on Godly ground . . .
Interior's First Church
By Jan Thacker - as printed in the Great Alaska Journal
Editor's Note: A complete history of the First Presbyterian Church was
written in 1989 by Charles Gray, publisher emeritus of the Fairbanks Daily News-Miner, who
drew from founder S. Hall Young's biography, the Rev. Gene Straatmeyer's doctoral thesis,
interviews and personal observations. We have liberally borrowed from Gray's delightful
history to spotlight this stately first church of the Interior.
To most people visiting Alaskaland, the chapel snugged so serenely next to Wickersham
House seems to have been there for at least a century. In truth, this grand old church
didn't arrive at its present site until 1966. To tell the history of how it came to spend
semi-retirement at Alaskaland, is to tell the history of the Presbyterians and also the
Interior itself. They both grew up together.
Not long after the waves of the Chena River washed up the likes of E.
T. Barnette and Felix Pedro, the Tanana Valley was swarming with gold seekers,
prostitutes, and entrepreneurs. In their midst were a handful of missionaries determined
to preach the Gospel to this dubious group of cheechakos.
At least three Presbyterian ministers had come into the area by the
time Dr. S. Hall Young, arrived in 1904. A mere 500 people resided in Fairbanks at the.
time, and when Hall couldn't afford a downtown lot he purchased one on the outskirts of
town at Seventh and Cushman and gathered materials for the first church. Cost for the
church as well as a small cabin for a manse was $5,500. The stained glass windows that
sparkle in today's sun were originally placed in the mission cabin and reset in the new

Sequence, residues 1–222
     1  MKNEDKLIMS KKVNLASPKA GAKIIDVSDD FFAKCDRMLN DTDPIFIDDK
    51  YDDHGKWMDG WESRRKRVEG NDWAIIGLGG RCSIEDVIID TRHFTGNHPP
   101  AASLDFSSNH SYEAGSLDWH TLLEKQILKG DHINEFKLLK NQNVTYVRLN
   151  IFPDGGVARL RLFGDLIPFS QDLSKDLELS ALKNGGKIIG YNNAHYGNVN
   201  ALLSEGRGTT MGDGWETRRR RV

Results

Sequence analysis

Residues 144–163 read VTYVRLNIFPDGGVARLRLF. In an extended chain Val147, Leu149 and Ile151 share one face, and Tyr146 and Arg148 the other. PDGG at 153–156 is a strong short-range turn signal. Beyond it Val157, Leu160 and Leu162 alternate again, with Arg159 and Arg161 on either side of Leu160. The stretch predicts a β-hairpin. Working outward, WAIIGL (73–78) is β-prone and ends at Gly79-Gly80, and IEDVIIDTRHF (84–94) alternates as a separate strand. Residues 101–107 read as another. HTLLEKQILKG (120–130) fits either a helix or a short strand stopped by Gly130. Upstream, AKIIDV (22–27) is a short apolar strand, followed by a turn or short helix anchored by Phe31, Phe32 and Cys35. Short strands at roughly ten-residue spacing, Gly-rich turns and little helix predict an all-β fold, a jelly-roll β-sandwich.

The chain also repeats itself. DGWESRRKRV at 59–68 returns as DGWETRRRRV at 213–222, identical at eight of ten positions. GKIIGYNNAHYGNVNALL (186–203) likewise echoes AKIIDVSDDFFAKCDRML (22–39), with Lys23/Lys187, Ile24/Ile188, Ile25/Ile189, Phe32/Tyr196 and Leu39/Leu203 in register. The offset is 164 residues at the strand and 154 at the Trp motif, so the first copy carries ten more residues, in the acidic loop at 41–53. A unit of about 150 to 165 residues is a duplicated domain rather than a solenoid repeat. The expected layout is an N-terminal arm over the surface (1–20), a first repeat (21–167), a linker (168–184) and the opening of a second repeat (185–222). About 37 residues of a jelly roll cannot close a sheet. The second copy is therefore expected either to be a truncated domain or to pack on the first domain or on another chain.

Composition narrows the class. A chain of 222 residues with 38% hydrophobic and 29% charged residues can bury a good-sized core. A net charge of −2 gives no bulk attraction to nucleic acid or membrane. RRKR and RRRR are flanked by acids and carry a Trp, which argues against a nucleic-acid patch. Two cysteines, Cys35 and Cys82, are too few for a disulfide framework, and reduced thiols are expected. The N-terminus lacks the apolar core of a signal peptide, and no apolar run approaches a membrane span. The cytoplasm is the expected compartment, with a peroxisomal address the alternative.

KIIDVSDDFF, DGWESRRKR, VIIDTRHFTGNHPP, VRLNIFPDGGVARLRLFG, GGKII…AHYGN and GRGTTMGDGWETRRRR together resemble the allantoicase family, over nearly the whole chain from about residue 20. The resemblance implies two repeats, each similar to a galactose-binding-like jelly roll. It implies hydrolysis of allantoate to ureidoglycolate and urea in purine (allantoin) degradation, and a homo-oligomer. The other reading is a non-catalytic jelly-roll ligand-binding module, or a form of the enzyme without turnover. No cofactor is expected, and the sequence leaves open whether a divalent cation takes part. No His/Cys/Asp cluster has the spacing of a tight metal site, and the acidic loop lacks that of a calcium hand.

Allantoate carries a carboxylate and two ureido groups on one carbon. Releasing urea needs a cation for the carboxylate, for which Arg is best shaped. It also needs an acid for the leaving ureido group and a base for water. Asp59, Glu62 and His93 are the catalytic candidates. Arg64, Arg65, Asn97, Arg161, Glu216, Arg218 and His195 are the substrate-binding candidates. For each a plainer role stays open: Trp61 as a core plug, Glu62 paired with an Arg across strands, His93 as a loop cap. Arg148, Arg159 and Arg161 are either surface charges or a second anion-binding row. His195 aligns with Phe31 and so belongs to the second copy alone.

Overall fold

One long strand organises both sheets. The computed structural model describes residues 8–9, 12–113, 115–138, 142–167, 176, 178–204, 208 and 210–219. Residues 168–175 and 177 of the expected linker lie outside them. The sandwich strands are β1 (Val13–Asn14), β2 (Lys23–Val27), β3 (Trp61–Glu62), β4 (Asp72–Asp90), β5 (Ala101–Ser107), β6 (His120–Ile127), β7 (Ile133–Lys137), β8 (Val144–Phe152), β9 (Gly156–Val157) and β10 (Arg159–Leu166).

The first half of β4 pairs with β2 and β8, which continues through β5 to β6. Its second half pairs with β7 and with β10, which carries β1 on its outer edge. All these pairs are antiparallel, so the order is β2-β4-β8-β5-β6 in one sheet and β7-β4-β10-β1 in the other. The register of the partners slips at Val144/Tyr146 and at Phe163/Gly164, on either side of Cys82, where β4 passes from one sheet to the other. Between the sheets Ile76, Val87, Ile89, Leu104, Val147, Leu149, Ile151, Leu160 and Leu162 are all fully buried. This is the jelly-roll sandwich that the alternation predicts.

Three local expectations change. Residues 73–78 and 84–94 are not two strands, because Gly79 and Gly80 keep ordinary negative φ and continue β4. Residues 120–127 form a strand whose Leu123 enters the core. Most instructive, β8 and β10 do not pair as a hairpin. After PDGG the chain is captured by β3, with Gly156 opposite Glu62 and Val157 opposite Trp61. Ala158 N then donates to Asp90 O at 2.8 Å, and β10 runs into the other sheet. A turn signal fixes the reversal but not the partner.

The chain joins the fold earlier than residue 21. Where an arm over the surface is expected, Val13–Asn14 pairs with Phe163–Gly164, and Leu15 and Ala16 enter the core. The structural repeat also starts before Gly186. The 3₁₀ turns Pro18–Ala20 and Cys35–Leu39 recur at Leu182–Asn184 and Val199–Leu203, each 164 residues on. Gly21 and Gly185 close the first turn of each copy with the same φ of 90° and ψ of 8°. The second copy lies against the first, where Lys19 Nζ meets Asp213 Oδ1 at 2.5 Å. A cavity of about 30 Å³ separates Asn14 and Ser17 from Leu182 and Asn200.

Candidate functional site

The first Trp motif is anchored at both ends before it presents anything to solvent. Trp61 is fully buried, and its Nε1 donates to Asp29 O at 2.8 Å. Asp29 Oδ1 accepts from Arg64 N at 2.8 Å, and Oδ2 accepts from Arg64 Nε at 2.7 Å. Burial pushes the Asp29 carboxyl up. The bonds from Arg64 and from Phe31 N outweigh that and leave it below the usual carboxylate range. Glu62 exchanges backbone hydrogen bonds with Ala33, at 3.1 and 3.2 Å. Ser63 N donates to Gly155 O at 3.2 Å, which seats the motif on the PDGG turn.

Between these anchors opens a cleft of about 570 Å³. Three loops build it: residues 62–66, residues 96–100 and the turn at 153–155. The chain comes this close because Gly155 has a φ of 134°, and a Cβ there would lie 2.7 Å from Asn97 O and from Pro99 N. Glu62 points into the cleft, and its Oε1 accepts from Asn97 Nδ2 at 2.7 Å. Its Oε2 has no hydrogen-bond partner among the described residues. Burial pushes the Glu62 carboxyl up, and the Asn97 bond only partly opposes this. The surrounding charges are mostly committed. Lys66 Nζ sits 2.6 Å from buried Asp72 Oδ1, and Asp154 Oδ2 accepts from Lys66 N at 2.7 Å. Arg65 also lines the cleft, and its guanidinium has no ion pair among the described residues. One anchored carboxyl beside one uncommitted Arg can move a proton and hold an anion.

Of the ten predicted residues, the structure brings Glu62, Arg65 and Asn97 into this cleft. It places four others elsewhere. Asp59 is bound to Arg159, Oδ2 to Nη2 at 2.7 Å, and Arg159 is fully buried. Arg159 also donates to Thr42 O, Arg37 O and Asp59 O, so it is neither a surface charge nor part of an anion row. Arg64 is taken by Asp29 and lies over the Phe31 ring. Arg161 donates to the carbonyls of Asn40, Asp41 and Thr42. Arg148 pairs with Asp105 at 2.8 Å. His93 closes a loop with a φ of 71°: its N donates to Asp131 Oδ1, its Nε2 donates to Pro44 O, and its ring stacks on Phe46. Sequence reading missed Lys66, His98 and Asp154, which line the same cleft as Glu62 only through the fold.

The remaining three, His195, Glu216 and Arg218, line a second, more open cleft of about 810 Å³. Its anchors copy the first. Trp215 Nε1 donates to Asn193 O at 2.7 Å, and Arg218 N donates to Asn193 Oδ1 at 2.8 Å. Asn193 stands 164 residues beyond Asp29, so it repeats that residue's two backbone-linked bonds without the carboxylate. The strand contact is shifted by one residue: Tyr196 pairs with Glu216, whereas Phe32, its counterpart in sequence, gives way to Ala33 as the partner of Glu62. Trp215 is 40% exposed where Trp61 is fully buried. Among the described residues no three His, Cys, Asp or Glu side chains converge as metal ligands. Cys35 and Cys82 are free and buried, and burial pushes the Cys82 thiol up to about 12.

church when it was built.
By 1905 the church had 23 members, only eight of them Presbyterians.
In the 1930s the church was moved further east on its site at Seventh
Avenue and Cushman and turned to' face Seventh Avenue. Sometime in those early years a
front vestibule and large steeple were added.
Membership rolls were burgeoning by 1931 when the Board of Home
Missions granted $10,000 for a new building. "Another $5,000 was raised locally and
the church was dedicated on Oct. 4, 1931, at a total cost of $15,950," Gray wrote in
his history. The old white church was moved to the back of the lot and used for Sunday
The church's loyal congregation was able, in 1966, to
start building a $163,000 two story Community Center annex. The land under the original
church was needed for the project and the old church was donated to Alaskaland.
"I went on (from Chena) to the larger town of Fairbanks and found a
city mostly of log houses and a few frame buildings and plenty of tents and 10,000 people
with another 10, 000 working or prospecting on the creeks nearby. Two large sawmills were
at, work turning out lumber and the sound of hammer and Saw where heard on all sides.
" Dr. S. Hall Young, 1904
Today, the Chapel is one of the diamonds in Alaskaland's crown. For
lovers, its brilliant stained-glass windows and quaint wooden-pewed interior make it a
popular site for summer weddings. For tourists, it is a welcome and peaceful respite from
the whirlwind of vacation To all residents, Presbyterian or not, it is a part of us and of
our heritage. To many, it's another wonderful reason for living in Interior Alaska.
From 1902 to 1999,
Nearly 100 Years of Ministry
Over two dozen men of God have led Sunday worship
services at the First Presbyterian church since its inception. Here is a list of these men